This Thursday, I’ll be attending the Canadian Science Policy Conference in Toronto to run a session on the training the next generation of scientists. The session promises to be discussion-based and I hope that some practical ideas and solutions will be proposed by audience members and panelists to help address what I consider to be one of the greatest wastes of human capital in our country.
The results of the Canadian Association of Postdoctoral Scholars (CAPS) survey will launch the panel highlighting the real need for new policy solutions to address the ever-increasing numbers of science-based trainees being spun out of Canadian universities and research institutes. This human resource crisis stimulated the formation of CAPS and numerous other international groups of early career researchers (e.g., the NPA in the United States, and ICoRSA for international research staff). The panel brings together stakeholders in industry, government and academia to discuss the needs of each sector and strategies for Canada to adopt in order to come out ahead in its training and utilization of young scientists.
I’ve compiled a list of relevant posts by Jonathan and I that try to tackle some of these issues and propose solutions and I hope this will act as fodder for conference-goers to get the discussion rolling. Post-conference I’ll relay to readers who could not attend the key ideas that emerged with the intention of building consensus on the best ideas that granting agencies, universities and employers could adopt:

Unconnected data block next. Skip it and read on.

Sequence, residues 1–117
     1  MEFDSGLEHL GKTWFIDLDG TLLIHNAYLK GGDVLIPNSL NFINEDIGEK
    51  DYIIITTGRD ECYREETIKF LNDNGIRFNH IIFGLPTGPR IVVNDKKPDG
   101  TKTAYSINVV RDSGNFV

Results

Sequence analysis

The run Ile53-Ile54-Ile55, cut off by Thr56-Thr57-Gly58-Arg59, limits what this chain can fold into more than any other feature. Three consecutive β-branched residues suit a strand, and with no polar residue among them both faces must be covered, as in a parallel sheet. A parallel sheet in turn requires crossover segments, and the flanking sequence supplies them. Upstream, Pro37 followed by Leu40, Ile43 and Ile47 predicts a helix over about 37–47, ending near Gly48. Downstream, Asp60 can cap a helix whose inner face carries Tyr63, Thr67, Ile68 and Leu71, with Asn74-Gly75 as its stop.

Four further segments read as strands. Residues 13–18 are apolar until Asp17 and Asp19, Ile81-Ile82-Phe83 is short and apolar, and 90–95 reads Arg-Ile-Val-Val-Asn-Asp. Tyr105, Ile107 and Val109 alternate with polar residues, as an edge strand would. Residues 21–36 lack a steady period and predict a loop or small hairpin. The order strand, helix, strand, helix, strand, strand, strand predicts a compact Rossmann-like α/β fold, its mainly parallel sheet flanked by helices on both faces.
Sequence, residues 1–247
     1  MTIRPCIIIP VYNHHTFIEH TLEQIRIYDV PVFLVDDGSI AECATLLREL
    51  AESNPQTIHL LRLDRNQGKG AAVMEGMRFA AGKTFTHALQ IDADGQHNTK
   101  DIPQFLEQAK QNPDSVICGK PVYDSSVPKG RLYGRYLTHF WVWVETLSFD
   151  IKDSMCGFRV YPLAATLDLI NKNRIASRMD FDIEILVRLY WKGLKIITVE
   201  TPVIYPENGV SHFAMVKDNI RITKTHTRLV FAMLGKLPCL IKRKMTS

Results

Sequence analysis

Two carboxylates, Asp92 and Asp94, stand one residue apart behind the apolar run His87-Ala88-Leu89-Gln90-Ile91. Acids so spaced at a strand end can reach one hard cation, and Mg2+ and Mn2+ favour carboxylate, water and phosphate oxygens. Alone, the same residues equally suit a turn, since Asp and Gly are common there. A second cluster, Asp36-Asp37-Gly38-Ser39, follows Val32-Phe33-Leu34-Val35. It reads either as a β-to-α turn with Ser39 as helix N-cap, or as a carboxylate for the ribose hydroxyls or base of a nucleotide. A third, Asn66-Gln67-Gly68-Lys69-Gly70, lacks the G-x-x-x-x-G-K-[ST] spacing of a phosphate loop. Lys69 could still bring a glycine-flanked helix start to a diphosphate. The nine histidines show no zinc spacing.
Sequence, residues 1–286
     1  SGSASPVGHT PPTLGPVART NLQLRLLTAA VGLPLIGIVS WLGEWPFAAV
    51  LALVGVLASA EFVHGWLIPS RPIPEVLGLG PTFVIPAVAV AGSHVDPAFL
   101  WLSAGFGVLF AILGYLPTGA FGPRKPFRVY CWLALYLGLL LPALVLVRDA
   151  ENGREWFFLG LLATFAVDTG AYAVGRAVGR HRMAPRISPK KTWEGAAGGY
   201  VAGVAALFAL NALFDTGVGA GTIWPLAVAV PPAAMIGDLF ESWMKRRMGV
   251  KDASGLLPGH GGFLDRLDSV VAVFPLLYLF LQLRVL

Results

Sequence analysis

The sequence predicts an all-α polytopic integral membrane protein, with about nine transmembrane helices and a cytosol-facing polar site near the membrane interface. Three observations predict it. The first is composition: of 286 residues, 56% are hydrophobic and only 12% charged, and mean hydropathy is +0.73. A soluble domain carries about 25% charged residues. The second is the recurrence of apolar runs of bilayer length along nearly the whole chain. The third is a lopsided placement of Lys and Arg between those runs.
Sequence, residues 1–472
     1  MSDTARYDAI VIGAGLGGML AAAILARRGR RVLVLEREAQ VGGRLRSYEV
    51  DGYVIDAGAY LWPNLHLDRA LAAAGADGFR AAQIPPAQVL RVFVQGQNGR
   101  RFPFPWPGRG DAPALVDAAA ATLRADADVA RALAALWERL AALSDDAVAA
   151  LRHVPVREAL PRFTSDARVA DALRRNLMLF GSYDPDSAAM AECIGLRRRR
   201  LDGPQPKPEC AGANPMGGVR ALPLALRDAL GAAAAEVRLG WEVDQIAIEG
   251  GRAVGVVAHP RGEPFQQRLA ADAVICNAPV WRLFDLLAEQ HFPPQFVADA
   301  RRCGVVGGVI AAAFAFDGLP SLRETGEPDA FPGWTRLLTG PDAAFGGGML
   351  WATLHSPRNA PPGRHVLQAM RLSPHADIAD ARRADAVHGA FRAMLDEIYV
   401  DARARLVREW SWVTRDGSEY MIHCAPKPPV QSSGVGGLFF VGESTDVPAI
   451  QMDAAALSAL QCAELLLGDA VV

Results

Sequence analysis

- Sick of studenthood, early career researchers want employee status
- Half of Canada’s early career researchers are not Canadian
- Attracting and retaining talented researchers
- Reversing the brain drain
- Too much Talent? SSHRC’s “solution” to the postdoc boom
- The PhD Placement Project
- Incredible promotion tool: student and postdoc outcomes
- Tri-Councils should learn from EMBO fellowships
- Postdoctoral mentors and a regular reality check
- Shorter PhDs and more active thesis committees
- Fewer postdocs with higher salaries? Hold your horses!
- Planning Ahead: How many of you are there and who will pay you?
- A paradigm shift in academic advancement
- Creating scientists, not science, is the key to productive universities
Science training will not magically fix itself – it’s up to young scientists to identify the challenges and help to address them. The most important product of a university is people and these people will go out into every sector of society to help improve our collective future.
– I’ll also partake in a panel on the value of science blogging in Canada on Friday. Hopefully this session will highlight the utility and meaningfulness of scientists picking up the proverbial pen and paper to get their thoughts and opinions out into the world.